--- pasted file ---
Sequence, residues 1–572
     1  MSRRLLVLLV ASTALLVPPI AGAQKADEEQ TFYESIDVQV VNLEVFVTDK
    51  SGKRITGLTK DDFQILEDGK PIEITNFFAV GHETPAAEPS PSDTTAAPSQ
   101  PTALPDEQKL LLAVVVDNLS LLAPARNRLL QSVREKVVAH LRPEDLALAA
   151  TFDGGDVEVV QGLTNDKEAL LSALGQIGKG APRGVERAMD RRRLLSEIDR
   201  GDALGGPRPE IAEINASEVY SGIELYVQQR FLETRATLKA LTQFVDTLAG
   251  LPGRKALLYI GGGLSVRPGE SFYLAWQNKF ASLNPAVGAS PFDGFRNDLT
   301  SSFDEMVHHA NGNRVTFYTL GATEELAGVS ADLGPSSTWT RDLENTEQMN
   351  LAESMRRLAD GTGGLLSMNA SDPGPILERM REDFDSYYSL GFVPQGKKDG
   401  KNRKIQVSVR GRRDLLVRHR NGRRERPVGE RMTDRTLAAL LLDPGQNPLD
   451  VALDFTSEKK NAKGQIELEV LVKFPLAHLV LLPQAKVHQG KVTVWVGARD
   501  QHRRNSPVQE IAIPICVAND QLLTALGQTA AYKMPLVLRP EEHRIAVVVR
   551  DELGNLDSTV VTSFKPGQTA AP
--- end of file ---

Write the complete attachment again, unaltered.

Sequence, residues 1–572
     1  MSRRLLVLLV ASTALLVPPI AGAQKADEEQ TFYESIDVQV VNLEVFVTDK
    51  SGKRITGLTK DDFQILEDGK PIEITNFFAV GHETPAAEPS PSDTTAAPSQ
   101  PTALPDEQKL LLAVVVDNLS LLAPARNRLL QSVREKVVAH LRPEDLALAA
   151  TFDGGDVEVV QGLTNDKEAL LSALGQIGKG APRGVERAMD RRRLLSEIDR
   201  GDALGGPRPE IAEINASEVY SGIELYVQQR FLETRATLKA LTQFVDTLAG
   251  LPGRKALLYI GGGLSVRPGE SFYLAWQNKF ASLNPAVGAS PFDGFRNDLT
   301  SSFDEMVHHA NGNRVTFYTL GATEELAGVS ADLGPSSTWT RDLENTEQMN
   351  LAESMRRLAD GTGGLLSMNA SDPGPILERM REDFDSYYSL GFVPQGKKDG
   401  KNRKIQVSVR GRRDLLVRHR NGRRERPVGE RMTDRTLAAL LLDPGQNPLD
   451  VALDFTSEKK NAKGQIELEV LVKFPLAHLV LLPQAKVHQG KVTVWVGARD
   501  QHRRNSPVQE IAIPICVAND QLLTALGQTA AYKMPLVLRP EEHRIAVVVR
   551  DELGNLDSTV VTSFKPGQTA AP